The Art of the Possible
A solo aerialist with feminist circuses in Australia takes us with her as she defies gravity and social expectations; a lesbian poet leads us downward into a hell of childhood sexual torture and back out again, transformed; a novelist shares with us her journey to Sardegna, where landscape and ruins evoke ancient memories; a Korean feminist takes us along on the extraordinary life journey that led her to discover the anciently originated gynocentric matrix of the Far East which she has named Magoism; a poet turns an old story into a moment of comic relief; a scholar and practitioner in the women’s spirituality movement explores hidden aspects of feminist history and urges us to breach the taboo on the occult; and a poet explores her childhood friendship with the girl she felt she had always known. Come with us as Trivia contributors practice the art of the possible by leaping across time and space, refusing false choices, and expanding the limits of the real.
At a time of nightmare news, when the karmic debt of 5000-odd years of patriarchal civilizations seems to be coming due all at once, we’re startled and delighted by the energy and high purpose and imagination of the work in this sixth issue of Trivia: Voices of Feminism. We’re also delighted by the way Trivia’s readership is expanding. The number of “unique visitors” to the site has gone up dramatically over the past 18 months, and their geographic distribution covers seemingly every continent and region (China, India, Estonia, Zimbabwe, Vietnam, United Arab Emirates, on and on). While U.S.A.-based visitors predominate heavily, their number 15 times greater than 2nd-place Canada, it is clearly untrue that Trivia reaches only North American readers. It now is reaching out to the world.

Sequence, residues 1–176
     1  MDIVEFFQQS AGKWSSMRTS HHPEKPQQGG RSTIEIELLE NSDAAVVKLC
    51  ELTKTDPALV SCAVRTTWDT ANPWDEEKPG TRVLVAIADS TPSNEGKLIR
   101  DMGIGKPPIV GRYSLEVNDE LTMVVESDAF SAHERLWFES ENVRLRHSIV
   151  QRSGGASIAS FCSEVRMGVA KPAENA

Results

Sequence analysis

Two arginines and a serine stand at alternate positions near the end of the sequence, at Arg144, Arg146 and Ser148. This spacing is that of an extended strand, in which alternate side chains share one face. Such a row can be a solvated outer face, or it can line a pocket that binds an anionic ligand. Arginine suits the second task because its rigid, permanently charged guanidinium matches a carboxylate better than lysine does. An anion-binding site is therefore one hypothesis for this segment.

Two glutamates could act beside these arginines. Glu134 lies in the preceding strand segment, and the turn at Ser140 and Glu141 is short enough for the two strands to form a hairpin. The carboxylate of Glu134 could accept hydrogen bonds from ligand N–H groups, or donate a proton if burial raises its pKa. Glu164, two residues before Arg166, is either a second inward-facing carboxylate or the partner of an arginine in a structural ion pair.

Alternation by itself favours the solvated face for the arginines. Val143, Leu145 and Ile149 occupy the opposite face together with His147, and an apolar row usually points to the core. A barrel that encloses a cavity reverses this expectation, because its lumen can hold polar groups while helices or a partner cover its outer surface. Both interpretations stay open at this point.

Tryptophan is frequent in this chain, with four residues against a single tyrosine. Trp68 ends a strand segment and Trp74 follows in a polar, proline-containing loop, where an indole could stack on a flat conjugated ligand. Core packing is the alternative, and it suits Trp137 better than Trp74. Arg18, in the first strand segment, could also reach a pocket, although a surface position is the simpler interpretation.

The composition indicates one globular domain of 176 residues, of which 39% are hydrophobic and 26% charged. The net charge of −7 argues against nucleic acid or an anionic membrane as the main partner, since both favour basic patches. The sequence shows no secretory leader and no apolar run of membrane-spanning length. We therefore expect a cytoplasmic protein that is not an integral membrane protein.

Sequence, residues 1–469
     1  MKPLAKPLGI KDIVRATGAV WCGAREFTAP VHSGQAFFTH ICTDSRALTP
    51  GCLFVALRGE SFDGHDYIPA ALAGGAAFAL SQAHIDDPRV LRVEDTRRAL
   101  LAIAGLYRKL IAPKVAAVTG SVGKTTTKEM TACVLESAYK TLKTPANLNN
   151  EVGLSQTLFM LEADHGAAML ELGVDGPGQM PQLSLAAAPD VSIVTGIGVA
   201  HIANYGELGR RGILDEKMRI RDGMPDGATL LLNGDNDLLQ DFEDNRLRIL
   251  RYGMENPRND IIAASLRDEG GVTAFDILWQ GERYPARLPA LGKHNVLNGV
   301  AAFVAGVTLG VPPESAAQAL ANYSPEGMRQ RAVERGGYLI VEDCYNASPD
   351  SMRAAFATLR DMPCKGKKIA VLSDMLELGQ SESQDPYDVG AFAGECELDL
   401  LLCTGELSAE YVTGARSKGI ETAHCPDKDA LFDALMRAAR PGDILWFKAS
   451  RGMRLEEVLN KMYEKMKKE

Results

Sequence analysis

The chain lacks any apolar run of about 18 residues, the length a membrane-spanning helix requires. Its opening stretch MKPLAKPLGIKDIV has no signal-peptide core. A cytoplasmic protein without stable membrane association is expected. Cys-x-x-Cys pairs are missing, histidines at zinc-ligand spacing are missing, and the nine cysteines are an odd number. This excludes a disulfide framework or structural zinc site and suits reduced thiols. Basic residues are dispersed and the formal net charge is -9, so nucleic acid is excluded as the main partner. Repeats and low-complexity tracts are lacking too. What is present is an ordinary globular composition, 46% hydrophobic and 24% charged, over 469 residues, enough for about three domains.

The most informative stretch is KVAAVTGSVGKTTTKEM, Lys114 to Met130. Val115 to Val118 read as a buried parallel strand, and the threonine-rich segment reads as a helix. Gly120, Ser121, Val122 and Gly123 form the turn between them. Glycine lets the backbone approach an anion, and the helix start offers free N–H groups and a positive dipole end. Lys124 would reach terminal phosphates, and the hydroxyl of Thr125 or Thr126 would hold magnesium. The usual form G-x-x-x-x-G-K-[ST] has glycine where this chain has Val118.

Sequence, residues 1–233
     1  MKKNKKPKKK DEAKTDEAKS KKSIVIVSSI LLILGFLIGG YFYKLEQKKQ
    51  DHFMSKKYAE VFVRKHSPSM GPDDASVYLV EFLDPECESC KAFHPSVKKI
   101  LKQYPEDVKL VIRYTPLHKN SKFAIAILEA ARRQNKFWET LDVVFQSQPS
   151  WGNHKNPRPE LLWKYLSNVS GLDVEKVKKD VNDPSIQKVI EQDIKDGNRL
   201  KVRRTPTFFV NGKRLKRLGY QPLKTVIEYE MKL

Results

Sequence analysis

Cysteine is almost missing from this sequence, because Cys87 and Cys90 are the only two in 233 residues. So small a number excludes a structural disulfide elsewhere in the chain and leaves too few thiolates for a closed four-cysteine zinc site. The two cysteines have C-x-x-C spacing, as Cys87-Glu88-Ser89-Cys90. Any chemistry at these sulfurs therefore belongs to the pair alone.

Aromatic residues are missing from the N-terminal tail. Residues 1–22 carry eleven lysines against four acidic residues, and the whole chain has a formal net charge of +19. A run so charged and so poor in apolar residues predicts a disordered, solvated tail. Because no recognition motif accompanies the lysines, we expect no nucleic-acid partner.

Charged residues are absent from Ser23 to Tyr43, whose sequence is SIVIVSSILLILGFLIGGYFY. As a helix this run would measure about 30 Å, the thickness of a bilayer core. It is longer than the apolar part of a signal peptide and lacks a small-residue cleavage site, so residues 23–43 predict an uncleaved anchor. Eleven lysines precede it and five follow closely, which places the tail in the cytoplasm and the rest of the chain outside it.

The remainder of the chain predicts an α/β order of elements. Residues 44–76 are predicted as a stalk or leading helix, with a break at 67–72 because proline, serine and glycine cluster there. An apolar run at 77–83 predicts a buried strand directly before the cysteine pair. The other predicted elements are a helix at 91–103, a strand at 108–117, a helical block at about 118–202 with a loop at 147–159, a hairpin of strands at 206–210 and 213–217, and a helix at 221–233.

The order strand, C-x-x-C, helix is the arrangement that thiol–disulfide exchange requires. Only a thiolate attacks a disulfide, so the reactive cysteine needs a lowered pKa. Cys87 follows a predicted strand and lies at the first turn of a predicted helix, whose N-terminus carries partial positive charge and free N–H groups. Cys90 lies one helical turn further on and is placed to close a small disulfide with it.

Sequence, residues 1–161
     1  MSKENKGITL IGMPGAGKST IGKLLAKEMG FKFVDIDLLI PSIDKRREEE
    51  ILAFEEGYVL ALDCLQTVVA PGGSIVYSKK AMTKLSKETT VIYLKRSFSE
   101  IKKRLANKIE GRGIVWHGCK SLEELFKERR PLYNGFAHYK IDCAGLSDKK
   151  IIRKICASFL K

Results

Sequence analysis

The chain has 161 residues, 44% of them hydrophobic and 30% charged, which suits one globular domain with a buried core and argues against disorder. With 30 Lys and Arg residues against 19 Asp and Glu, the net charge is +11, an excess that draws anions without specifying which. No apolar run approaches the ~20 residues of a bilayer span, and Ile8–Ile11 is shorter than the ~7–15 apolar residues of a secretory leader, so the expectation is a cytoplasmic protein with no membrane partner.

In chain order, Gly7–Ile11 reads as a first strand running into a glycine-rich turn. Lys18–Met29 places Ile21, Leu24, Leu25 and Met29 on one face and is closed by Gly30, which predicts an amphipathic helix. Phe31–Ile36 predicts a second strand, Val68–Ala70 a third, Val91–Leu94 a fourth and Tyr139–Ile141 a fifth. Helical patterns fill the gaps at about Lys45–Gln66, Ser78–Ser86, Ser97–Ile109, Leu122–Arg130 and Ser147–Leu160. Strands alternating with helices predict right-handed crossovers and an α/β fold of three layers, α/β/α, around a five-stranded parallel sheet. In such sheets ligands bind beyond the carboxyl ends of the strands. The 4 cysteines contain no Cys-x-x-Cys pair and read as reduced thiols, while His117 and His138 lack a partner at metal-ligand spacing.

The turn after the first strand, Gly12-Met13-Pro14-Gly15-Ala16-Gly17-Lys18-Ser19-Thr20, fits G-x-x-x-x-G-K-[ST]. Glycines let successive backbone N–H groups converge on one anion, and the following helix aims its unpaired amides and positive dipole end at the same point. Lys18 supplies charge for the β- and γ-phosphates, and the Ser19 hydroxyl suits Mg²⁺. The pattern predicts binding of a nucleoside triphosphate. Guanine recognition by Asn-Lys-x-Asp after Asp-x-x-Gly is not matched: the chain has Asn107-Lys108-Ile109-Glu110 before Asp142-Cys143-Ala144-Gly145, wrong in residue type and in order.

The art of letter-writing, an art that in the past has been particularly cherished and practiced by women, is somewhat pushed to the margins by high-speed communications. Letters (to the editors, to Trivia readers, to a particular author, to “the world”) can be e-mailed them to firstname.lastname@example.org and we’ll post them for you.
Also, If you’d like to receive an e-mail announcement when a new issue of Trivia is published, or when a call for contributions goes out, please send your name and e-mail address to that same editorial address, email@example.com.
We hope that this issue of Trivia, “The Art of the Possible,” will inspire you, expand your world, and transmit a contagion of courage.
Issue 6 - Sept. 2007
The Art of the Possible
The Aerial Lesbian Body: The Politics of Physical Expression
Elliott Femynye batTzedek
Wanting A Gun
Red Poppies Among the Ruins
Hye Sook Hwang
Returning Home with Mago, the Great Goddess from East Asia
Ellen M. Taylor
Reclaiming the Spooky: Matilda Joslyn Gage and Mary Daly as Radical Pioneers of the Esoteric
Grand Right & Left
Notes on Contributors
Sotae, a symbol that once acknowledged the presence of the triadic Goddess Mago and her two daughters (Mago Samsin), is still found in Korean villages and folk cultures. The original image source unknown.